While inter-lab calibration standards are approaching mainstream usage in synthetic biology, such calibrations are not in fact sufficient for absolute protein quantification required for modelling synthetic circuits. Fluorescein-based calibration of plate reader and flow cytometry instruments allows the measurement of green fluorescent protein (GFP) in synthetic cells to graduate from arbitrary units to calibrated units, but retains important caveats. Fluorescein is only a good calibrant for green FPs, leaving other FPs uncalibrated, and only provides conversions to units of brightness, not to molecule numbers.

Ideal assay calibrants in molecular biology consist of the same molecule as the one to be measured – in this case, a purified preparation of the appropriate fluorescent protein. Here we show that by using purified FP calibrants, all protein species in a synthetic circuit can be quantified in absolute terms using no advanced instrumentation. We develop a SEVA (Standardised European Vector Architecture)-based expression vector that allows the high-level production of soluble protein and describe a straightforward 2-day protocol for the purification of micrograms of FP, followed by a calibration that relates fluorescence activity to protein mass.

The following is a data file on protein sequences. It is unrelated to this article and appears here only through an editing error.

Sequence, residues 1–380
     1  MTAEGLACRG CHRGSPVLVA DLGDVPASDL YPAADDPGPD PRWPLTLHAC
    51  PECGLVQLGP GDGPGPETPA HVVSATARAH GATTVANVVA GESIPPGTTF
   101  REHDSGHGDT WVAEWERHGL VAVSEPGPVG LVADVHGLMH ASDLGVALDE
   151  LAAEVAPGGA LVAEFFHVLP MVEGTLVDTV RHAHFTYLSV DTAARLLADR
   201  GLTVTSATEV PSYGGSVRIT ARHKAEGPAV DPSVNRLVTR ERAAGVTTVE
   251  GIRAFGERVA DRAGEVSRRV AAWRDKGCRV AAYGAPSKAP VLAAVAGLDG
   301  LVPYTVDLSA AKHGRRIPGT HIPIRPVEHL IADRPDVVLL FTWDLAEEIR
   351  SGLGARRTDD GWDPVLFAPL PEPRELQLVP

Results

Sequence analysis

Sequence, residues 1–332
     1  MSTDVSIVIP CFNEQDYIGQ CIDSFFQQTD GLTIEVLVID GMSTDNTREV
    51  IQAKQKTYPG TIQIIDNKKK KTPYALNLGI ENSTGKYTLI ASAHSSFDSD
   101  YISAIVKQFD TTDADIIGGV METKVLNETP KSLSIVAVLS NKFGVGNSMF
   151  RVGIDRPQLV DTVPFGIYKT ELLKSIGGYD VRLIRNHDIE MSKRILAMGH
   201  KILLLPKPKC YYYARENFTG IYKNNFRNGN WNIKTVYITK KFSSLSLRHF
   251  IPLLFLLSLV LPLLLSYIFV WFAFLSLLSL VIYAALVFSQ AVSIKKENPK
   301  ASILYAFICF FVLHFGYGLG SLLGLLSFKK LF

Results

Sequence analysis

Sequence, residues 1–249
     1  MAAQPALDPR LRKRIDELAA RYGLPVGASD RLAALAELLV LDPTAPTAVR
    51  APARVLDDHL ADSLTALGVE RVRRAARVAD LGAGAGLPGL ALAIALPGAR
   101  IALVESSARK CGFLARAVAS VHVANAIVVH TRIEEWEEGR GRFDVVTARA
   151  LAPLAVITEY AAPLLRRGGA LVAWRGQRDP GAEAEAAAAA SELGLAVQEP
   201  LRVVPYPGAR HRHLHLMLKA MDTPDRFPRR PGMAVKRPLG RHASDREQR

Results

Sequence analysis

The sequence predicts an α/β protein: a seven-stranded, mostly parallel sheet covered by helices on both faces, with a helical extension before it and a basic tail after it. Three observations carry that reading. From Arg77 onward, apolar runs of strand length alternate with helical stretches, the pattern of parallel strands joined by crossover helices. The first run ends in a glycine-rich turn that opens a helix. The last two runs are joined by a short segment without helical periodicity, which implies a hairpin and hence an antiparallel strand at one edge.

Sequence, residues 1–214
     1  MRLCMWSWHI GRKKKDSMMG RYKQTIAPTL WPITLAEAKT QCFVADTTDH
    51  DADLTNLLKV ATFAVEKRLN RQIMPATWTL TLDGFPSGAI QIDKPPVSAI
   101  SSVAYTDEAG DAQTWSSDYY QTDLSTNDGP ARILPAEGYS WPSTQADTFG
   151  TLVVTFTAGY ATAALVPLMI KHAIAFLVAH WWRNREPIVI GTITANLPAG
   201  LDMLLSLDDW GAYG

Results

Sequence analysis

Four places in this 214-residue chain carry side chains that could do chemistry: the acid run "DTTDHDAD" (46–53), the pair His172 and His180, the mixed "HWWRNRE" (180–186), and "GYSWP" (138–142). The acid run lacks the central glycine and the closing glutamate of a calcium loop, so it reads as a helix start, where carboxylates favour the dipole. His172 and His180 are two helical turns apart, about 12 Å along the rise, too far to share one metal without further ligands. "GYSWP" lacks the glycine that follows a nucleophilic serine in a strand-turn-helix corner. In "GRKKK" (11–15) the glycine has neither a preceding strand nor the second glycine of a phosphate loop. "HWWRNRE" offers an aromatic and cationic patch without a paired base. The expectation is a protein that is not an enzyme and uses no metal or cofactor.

We validate this protocol by calculating conversion factors for a panel of commonly-used FPs including superfolder GFP, mCherry, mScarlet-I and mTagBFP2 on multiple laboratory instruments, and use these calibrations to debug synthetic circuits. We also demonstrate that the suspected bias of the presence of mCherry on OD600 measurements is real, but in practice requires extreme overexpression (~100,000 proteins per cell) to have a meaningful impact on cell density estimates.

  • This is an open-access article distributed under the terms of the Creative Commons Attribution License.

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